January 2014 Bar Bulletin
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January 2014 Bar Bulletin

The Pros & Cons of the Reptile Approach

By Thomas M. O'Toole

 

Back in 2009, a former theater director named David Ball and a zealous plaintiff attorney named Don Keenan published a book called Reptile, describing it as "the 2009 Manual of the Plaintiff's Revolution." The book purports to unlock the secrets of the black box and unleash an army of well-equipped justice seekers (i.e., plaintiff attorneys) to carry the torch of our forefathers and protect the legal system from tort reformers who continue to dangerously infringe upon the safety of Americans by limiting legal remedies for victims around the country.

The essence of Reptile is this: Scare jurors into believing that if they fail to act, the acts of the defendant will endanger them or their community. The authors point to a primitive, instinctual component of the brain they call the "reptilian brain" and argue that it cannot resist the temptation of a good fear appeal. They further suggest that current neuro-economic research supports the claims they make in the book.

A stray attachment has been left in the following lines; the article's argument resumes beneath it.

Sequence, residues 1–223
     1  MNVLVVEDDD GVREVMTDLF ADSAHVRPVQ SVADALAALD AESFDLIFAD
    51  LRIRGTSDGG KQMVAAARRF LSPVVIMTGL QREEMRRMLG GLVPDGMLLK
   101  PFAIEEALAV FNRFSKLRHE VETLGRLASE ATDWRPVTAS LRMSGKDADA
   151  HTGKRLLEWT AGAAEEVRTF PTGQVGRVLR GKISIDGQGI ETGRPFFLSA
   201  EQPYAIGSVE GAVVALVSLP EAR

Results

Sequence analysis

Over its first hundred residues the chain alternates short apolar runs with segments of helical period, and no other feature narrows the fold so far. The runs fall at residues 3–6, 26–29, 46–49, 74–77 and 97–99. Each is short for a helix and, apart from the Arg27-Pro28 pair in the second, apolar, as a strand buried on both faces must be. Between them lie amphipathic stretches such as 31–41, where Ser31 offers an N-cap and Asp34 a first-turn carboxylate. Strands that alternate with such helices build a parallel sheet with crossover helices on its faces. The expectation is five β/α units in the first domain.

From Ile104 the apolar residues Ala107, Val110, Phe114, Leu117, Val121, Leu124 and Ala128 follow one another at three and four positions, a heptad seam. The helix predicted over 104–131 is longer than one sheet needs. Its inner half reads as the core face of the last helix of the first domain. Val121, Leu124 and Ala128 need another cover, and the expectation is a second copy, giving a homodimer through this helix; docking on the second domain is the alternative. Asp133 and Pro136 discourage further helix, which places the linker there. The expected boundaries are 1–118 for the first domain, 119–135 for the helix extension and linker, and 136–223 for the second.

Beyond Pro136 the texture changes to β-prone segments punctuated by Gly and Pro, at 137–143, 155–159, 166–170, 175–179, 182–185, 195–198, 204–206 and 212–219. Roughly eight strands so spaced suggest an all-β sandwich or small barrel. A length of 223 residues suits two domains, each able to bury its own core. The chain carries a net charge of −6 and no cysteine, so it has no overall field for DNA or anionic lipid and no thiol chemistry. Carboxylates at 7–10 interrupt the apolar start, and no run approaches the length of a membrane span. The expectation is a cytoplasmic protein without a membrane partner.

The book has gained a lot of popularity amongst both plaintiff and defense attorneys. Keenan and Ball have a website where they dub successful plaintiff attorneys "Reptile Allstars." Its influence has even extended to the King County Courthouse as I recently witnessed a defense attorney make a pretrial motion to preclude the plaintiff's attorney from engaging in "reptilian" tactics over the course of trial.

In light of the book's increasing popularity, this article analyzes and discusses the pros and cons of the strategies recommended by Keenan and Ball. Overall, Reptile regurgitates some sound principles of persuasion in the form of a metaphor, but falls short at times in execution.

I'll start by highlighting some of the theory's key weaknesses.

Anger, Not Fear, Drives Plaintiff Verdicts

This is one area where Reptile is fundamentally wrong in a dangerous way. Ball and Keenan suggest that the most effective plaintiff case theories are those that instill fear in jurors. Not only does this unnecessarily raise the bar for plaintiffs (fear is difficult to instill in a litigation setting), but it is an incomplete recommendation at best.

Jury verdicts are a product of one of two things: 1) a desire to compensate the plaintiff; or 2) a desire to punish the defendant. The latter is what leads to significant damages.


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